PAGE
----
I try to go on walks every day so I make use of the Workouts app to track my walks simply because I’m a fan of data. I like to track my workouts, but now it’s made it easier to track my leisurely walks as well. When using the Workouts app the active Heartrate Monitor is engaged. This means at night you can see green lights shining on top of your wrist. On the backside of the Apple Watch, you’ll notice four distinct circles, two for infrared and the other two are the greenlights which according to Apple is a more accurate way of reading your heartrate. Throughout the day you heartrate is tracked via infrared, but when using the heartrate monitor or during a workout, it switches to these greenlights. Why not just use the lights every time? A few searches returned the idea that it’d be more load on the battery. I am not completely sure how accurate the heartrate monitor is, but it’s a nice feature to have when training.
Like I explained above, the biggest difference between the first generation Apple Watch and the Apple Watch Series 2 is the GPS. Some others include a better processing chip, water resistance up to 50 meters and the OLED display, which apple claims to be 2 times as bright (1000 nits for the nerds) as its predecessor.
For novelty, I took my brand new Apple Watch into the shower with, and let me tell you, it was WEIRD. The idea of electronics under water is a foreign concept, but it’s something that I could get used to. I looked at some tweets while the water flowed and then switched it to the water lock mode where the screen is only active. To disengage you turn the digital crown which uses sound to push water out of the speaker. The feature is meant to not allow the water to control your Apple Watch as water on touch screens tends to make unwanted movements and then remove the water that might otherwise distort sound until it dries. I am not much of a swimmer so I haven’t had to use this function much.
I didn’t have the first gen Apple Watch to compare screen brightness to, but the OLED display on the Apple Watch Series 2 does not disappoint. I keep mine on the lowest brightness and never have problems seeing what’s on my screen even outdoors. The nice thing about OLED displays is the blacks are blacker meaning there is better contrast between what is supposed to be lit up and what is not. OLEDs are more energy efficient as well, which helps in the battery department.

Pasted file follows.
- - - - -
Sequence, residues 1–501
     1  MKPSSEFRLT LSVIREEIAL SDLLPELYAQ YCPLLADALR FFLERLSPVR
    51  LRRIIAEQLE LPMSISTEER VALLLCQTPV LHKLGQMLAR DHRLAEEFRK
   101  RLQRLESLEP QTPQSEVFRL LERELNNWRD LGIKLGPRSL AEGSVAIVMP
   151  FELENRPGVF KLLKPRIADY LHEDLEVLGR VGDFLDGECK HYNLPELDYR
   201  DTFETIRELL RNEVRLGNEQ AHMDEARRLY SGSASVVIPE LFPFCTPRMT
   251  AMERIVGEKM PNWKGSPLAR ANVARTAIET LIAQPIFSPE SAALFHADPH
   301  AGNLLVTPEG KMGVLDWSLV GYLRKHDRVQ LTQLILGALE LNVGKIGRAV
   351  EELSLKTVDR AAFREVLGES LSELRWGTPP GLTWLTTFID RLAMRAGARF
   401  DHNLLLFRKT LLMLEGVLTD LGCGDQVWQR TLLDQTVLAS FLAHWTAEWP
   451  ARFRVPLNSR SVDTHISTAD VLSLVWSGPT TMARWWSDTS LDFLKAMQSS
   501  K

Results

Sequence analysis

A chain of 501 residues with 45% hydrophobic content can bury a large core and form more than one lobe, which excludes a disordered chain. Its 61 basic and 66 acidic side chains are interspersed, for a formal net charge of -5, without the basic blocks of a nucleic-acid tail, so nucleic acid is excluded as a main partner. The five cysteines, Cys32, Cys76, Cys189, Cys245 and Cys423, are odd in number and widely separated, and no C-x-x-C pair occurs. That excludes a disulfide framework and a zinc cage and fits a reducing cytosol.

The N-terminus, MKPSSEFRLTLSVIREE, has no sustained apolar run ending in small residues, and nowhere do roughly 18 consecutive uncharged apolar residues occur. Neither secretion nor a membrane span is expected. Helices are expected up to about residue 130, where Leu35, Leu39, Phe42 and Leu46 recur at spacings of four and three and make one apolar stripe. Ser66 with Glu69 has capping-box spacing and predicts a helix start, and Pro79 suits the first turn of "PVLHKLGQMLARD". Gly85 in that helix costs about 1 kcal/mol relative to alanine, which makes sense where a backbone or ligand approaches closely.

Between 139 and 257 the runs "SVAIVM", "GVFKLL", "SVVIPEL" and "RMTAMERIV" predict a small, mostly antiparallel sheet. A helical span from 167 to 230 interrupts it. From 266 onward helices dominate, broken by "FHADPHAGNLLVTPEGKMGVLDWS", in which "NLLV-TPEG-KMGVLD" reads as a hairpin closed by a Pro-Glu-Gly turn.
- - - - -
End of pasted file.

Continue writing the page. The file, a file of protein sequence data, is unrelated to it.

I’ve been using the watch daily for the past week and I can go a full day without charging and I usually have between 25-30% left when I am going to sleep. I don’t see myself as “Power User”, and am not using the dedicated GPS often during the day, which leads to longer battery life. I am completely satisfied with how long it lasts as I am already in the habit of charging my phone at night I naturally do the same with the Apple Watch.
As someone who hasn’t used a smart watch this is one of the biggest functions. The Apple Watch Series 2 handles notifications from my iPhone flawlessly. I get my texts, emails and other notifications throughout the day right on my wrist. It allows me to dismiss and reply straight from the watch. There are canned responses, emojis, and for unique replies you actually draw out each individual letter. I’ll admit, the small screen real estate usually leads me to replying on my phone, but it is a nice feature to have for shorter replies.
One of my favorite functions of the Apple Watch is the ability to take calls straight from the watch. When your phone rings, click Accept and start talking. The speaker is loud enough for a quiet setting and talking into my wrist makes me feel like James Bond or the Secret Service. For when it gets a little too loud, just open your phone, and boom, it switches flawlessly.
Is It Worth It?
In short, yes. Is it completely necessary? No. But new technology hardly ever is. For those who already have an Apple Watch, there’s nothing so different that it screams UPGRADE ME. If you’re not an active person you could probably hold off until the next series comes out. If you’re in the market for a smart watch or a fitness tracker and are already in the Apple ecosystem, this is just another branch to add to your other products that play well together. For $399 price tag, you can find a cheaper fitness tracker and you can a cheaper smart watch, but the Apple Watch Series 2 blends both together in one sleek, easy to use package. It does all the things I want it to and I am happy to the Apple Watch on my wrist. It makes things a little more convenient, and that is what technology is for, to make our lives easier.